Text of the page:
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An activist hangs from a coal loader in Newcastle Harbour, Australia. (Photo: 350 Australia)

From Philly to Australia, People Rise Up Against 'Fossil Fuel Dinosaur Economy'

Demonstrators laid their bodies down and raised their voices up to demand a just transition to renewable energy

Lauren McCauley

The climate movement was out in force on Saturday as demonstrators from Australia to Philadelphia laid their bodies down and raised their voices up to demand a just transition to renewable energy.

In Newcastle, Australia, over 1,000 kayaktivists and other protesters shut down operations at the nation's largest coal export port.

"For the first time in a very long while, no coal came into or left Newcastle Port today," organizers with climate action group 350 Australia wrote in an end-of-day recap of the dramatic occupation.

"Kayakers blocked the harbour entrance in the largest flotilla ever seen here. While at the same time over 60 people blocked the only coal transport train line into the port, preventing any coal from getting to port for over six hours," they said. "Other brave folk suspended themselves from coal loaders and mooring lines of major coal assets."

Dramatic images of the protest are available here.

Student Jesse Kalic, who was among the 66 protesters arrested over the course of the action, told reporters, "We are putting ourselves at risk by being here today but we feel that it's far riskier to not take action on climate change."

The port shut down is part of a massive international civil disobedience campaign against fossil fuels known as Break Free 2016 that launched last week with demonstrations in Wales, the Philippines, and New Zealand.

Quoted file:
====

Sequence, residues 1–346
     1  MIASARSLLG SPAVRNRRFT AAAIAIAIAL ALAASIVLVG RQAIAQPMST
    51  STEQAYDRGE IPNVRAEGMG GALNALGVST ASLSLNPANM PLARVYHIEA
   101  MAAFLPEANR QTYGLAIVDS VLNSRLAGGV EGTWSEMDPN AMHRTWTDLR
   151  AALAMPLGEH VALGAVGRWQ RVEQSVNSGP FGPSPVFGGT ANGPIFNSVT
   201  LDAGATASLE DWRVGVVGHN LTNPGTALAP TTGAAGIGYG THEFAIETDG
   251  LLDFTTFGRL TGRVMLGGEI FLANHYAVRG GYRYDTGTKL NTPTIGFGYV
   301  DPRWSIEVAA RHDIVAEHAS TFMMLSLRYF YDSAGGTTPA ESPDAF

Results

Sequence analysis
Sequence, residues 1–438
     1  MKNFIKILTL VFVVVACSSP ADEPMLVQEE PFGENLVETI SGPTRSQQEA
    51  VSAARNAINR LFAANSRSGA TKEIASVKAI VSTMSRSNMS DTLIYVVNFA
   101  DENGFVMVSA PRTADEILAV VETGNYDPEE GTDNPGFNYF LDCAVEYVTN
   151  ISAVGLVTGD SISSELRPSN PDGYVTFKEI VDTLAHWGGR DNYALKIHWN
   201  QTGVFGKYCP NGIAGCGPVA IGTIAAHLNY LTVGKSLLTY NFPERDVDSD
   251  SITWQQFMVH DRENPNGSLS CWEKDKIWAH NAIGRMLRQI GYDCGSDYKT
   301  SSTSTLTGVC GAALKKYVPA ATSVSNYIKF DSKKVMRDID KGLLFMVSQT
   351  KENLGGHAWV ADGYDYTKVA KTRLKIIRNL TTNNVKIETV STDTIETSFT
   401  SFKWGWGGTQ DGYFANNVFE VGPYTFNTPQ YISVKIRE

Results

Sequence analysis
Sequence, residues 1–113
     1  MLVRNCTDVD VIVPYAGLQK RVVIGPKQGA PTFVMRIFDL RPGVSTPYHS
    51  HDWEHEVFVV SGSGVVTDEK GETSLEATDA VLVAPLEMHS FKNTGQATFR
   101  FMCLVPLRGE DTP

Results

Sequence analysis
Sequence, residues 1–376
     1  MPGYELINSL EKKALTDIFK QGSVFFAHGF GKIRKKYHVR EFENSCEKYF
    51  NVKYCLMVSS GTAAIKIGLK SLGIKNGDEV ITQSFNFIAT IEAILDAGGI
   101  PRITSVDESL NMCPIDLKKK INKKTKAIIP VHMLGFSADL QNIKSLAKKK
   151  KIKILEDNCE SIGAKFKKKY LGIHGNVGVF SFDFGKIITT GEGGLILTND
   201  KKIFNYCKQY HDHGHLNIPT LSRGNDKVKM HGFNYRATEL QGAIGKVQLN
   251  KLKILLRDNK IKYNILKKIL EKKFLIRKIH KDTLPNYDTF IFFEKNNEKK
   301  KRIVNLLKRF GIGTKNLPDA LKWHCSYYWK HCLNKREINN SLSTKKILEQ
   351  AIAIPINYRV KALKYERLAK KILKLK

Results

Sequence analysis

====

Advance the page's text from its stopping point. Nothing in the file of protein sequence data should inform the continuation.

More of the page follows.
Kicking off the wave of resistance in the United States, hundreds of residents and climate activists rallied outside the Philadelphia Energy Solutions (PES) refinery in South Philadelphia to protest a proposed oil refinery expansion and import/ export facility.

The Right to Breathe Mobilization amplified the voices of community members whose health is already impacted by the presence of the fossil fuel industry.

"I am concerned about the fact that Philadelphia Energy Solutions wants to expand a refinery that has been poisoning the air in our neighborhoods for decades," said longtime resident Doreen Rich, who carried an oversized sunflower sign.

"Everybody in my house has asthma, and I got 1-2-3 kids that got asthma," she said. "We do not need anymore pollutants in this city."

Echoing the message of the global campaign, Rich added: "I think Philadelphia can go in a different direction, I think we can develop an economy moving in a green direction, instead of sticking with this fossil fuel dinosaur economy that locks us into fracking, locks us into pollution."

Over the next week, large demonstrations are planned across the United States, including in Washington state, Chicago, Denver, Los Angeles, upstate New York, and Washington, D.C..

And as the climate movement continues to hone its demands, namely a just and rapid transition to 100 percent renewable energy, Secretary of the Interior Sally Jewell drew fire this week for calling the "keep it in the ground" movement naïve.

"It's going to take a very long time before we can wean ourselves from fossil fuels, so I think that to keep it in the ground is naïve, to say we could shift to 100 percent renewables is naïve," Jewell said.

Tim Ream, an activist with the group WildEarth Guardians, told the Desert Sun that Jewell "needs to get past the 'keep it in the ground' slogan and look at the real policy request, which is to end new leases" of federal land for fossil fuel exploitation. Ream and others also shared their dismay with the U.S. official on Twitter:


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